The building now sits bricked up and empty, and it’s likely been a few moons since anyone drove by to look at the RRHOF plaque. The city very much wants to preserve the property; it’s currently involved in an ongoing legal battle with the owners and is taking steps towards the use of imminent domain. It’s getting down to the wire, and the building is deteriorating: something needs to happen, and soon.

At the RRHOF Landmark dedication ceremony in 2008, then-president Terry Stewart said, “There’s not a more important piece of real estate in musical history than the building over there on Brewster. If you folks don’t remember and preserve it, shame on you” (Kind of an odd thing to say as a guest). There’s no indication I can find of the Hall being involved in the effort to save this building. It’s easy to be an armchair quarterback, but you’d think it could get some money together and/or raise its voice to save this landmark, for its state and for rock and roll history.


  1. Surf Ballroom, 460 N. Shore Drive, Clear Lake, IA (designated 2009; National Register 2011)

The Surf Ballroom has the unfortunate distinction of claiming its place in history through association with tragedy: it was here that Buddy Holly, Ritchie Valens and J.P. “The Big Bopper” Richardson played their final show before climbing into that ill-fated Beechcraft.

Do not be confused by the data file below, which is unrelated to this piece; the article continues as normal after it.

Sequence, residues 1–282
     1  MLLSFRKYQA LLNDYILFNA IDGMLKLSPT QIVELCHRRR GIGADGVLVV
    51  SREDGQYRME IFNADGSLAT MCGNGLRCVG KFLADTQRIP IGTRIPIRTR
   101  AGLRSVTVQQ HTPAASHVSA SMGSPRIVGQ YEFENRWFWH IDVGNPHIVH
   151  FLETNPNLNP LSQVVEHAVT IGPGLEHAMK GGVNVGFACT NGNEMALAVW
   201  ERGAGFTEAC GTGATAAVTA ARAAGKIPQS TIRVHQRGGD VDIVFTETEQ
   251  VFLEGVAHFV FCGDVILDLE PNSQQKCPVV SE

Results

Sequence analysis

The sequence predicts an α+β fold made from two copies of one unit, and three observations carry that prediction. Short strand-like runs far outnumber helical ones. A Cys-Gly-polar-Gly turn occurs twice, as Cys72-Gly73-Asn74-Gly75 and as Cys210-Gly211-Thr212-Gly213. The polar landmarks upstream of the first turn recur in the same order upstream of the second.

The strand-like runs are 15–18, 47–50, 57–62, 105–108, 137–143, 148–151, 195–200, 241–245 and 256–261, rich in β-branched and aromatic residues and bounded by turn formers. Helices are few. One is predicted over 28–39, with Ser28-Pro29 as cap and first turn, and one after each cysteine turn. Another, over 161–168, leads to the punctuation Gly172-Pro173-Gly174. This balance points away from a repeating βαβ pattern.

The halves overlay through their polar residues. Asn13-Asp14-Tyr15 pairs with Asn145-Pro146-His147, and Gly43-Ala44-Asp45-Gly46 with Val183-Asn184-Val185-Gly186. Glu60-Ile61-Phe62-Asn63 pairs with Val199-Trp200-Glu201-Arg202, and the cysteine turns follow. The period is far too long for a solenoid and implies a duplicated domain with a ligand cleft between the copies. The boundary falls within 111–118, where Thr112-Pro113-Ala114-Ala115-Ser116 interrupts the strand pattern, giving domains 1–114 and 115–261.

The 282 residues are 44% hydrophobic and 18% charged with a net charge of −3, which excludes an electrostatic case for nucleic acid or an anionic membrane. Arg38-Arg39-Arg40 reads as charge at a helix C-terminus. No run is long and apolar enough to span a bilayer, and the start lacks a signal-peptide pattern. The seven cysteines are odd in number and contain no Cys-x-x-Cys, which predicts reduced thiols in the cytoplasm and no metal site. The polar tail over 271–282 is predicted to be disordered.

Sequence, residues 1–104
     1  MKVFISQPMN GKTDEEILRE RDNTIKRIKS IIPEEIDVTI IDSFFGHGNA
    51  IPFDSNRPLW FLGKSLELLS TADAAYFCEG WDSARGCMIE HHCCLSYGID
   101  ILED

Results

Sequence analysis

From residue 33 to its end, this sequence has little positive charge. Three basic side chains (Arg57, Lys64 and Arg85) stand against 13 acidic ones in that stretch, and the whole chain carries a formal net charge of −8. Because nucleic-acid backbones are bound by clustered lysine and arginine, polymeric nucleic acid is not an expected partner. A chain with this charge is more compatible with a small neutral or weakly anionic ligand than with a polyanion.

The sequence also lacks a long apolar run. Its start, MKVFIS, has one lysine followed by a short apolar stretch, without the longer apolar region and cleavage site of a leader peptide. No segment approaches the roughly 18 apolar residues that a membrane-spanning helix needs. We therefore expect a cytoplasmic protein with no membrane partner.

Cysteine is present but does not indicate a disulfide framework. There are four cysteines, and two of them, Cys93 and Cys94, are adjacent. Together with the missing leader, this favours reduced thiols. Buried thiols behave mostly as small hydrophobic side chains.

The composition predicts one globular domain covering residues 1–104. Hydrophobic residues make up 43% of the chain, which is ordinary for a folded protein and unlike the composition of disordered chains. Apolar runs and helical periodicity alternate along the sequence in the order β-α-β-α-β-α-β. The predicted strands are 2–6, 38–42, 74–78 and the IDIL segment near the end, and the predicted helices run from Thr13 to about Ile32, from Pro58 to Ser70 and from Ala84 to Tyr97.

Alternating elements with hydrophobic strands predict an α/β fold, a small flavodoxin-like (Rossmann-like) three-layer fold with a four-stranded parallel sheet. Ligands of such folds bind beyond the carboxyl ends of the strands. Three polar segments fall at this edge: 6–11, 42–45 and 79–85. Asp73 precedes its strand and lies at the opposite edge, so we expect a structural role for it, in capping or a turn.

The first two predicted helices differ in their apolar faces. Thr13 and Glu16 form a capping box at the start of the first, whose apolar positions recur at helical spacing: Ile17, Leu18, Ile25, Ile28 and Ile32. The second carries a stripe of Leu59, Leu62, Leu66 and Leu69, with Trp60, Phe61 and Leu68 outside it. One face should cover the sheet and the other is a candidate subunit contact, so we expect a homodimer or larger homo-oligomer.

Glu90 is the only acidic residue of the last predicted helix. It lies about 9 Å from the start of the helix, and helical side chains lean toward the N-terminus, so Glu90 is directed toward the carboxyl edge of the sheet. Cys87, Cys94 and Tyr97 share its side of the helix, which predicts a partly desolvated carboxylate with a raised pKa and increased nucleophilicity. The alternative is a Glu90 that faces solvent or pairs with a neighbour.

Still an active music venue, the Surf was recognized as a landmark by the Iowa Rock and Roll Hall of Fame in 1998 (in a separate ballroom category) and was added to the National Register of Historic Places in 2011. Brian Setzer’s Rockabilly Riot tour plays there this June; it’s hard to imagine a more perfect place to see it.


  1. Whisky A Go Go, 8901 Sunset Blvd., West Hollywood, CA (designated 2006)

Rock’s L.A. address; the launching pad for Johnny Rivers, Frank Zappa, Janis, Neil Young, the Doors, Jimi, the Four Tops, Vanilla Fudge, Blondie, Soundgarden, Fleetwood Mac, Motley Crue, The Tempations, Van Morrison and Them, X, Zeppelin, Cream, the Motels, Guns N’ Roses, Martha and the Vandellas. And more.